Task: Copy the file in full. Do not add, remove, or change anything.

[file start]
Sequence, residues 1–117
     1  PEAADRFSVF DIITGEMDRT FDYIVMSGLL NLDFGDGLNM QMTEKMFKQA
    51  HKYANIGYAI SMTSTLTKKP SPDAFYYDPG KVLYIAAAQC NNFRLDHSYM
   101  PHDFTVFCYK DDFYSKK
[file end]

Sequence, residues 1–117
     1  PEAADRFSVF DIITGEMDRT FDYIVMSGLL NLDFGDGLNM QMTEKMFKQA
    51  HKYANIGYAI SMTSTLTKKP SPDAFYYDPG KVLYIAAAQC NNFRLDHSYM
   101  PHDFTVFCYK DDFYSKK